Cauliflower is especially plentiful and delicious this time of year. It grows enclosed in its swirling green leaves – and so the head and its undeveloped flowers remain pale (unlike its tan sibling broccoli who grows up near naked). It’s rich in those classically autumnal tastes – milkyness and nuttiness – but is spearheaded by a sweetness which keeps it relevant through spring. If it’s overcooked on the boil or in the steamer though, the school-lunch bitter aromas become prevalent. The thick white stalks of the leaves – aka ‘poor man’s asparagus’ – can be boiled until tender and eaten straight away with melted butter, lemon and salt. Like all vegetables the flavour becomes flat with age (that is the stage before it starts to rot) so make sure it looks in fine fettle – springy, bright green leaves and an unblemished, radiant head.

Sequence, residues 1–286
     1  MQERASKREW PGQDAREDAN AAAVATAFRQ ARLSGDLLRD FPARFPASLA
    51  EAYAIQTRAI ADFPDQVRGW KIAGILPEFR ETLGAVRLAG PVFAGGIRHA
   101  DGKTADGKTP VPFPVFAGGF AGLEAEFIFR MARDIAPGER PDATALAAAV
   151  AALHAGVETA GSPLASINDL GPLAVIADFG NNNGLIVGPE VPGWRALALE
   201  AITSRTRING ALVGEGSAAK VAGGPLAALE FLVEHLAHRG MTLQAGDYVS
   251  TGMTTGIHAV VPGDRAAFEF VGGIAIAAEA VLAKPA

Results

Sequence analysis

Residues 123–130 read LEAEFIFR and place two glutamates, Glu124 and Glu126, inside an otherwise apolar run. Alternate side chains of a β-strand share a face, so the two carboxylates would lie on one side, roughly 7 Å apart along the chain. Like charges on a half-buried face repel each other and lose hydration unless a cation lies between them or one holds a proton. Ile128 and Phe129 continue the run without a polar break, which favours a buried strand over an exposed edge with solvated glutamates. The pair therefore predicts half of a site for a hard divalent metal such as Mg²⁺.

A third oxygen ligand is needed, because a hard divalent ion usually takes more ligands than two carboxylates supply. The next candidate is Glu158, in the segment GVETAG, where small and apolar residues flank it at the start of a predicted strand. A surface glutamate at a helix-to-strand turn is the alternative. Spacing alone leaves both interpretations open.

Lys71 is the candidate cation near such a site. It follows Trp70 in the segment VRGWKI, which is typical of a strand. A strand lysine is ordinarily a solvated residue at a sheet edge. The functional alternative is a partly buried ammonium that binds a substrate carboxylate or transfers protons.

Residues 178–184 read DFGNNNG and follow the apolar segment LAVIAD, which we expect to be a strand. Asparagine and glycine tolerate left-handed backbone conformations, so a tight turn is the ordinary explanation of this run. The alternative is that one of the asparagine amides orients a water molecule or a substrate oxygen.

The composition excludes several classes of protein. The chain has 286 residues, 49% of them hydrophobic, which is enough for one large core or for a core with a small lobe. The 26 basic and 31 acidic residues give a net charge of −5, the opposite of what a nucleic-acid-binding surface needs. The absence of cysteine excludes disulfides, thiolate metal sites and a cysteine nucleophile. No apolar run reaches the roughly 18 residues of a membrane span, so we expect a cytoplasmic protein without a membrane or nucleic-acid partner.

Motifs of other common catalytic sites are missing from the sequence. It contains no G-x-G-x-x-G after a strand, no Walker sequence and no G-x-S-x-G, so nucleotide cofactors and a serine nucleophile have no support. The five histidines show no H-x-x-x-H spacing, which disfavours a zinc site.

Cauliflower soup and quail’s egg
It’s presumably not that often that one has surplus quail’s eggs lying around and needing eating. I once did, and quite a lot of them. I soft boiled them and peeled them. Having softened some white onions in butter and oil and then with them some thinly sliced cauliflower and then shallow braising with some cream, I popped in the quails eggs, each ripped in half.
I added some milk to cover and simmered oh-so gently for five to ten minutes until the cauliflower was tender. Then a mega blitz in the blender and through a sieve so to make it as smooth as possible. It was served and eaten hot (not piping) and the garnish was a grind of pepper.
The decadence in preparation carried through and made for an enriching harmony but without a repeat in quails’ egg surplus no such combination has been repeated. Recently the soup was revisited but with a more humble supply of eggs their presence was made more tangible.
The soup was made similarly to above but eggless. The eggs were soft boiled, peeled and then two or three slightly crushed were popped on top as a garnish two or three to each bowl) with a grind of pepper. Thin golden ribbons of yolk running through the soup as its eaten.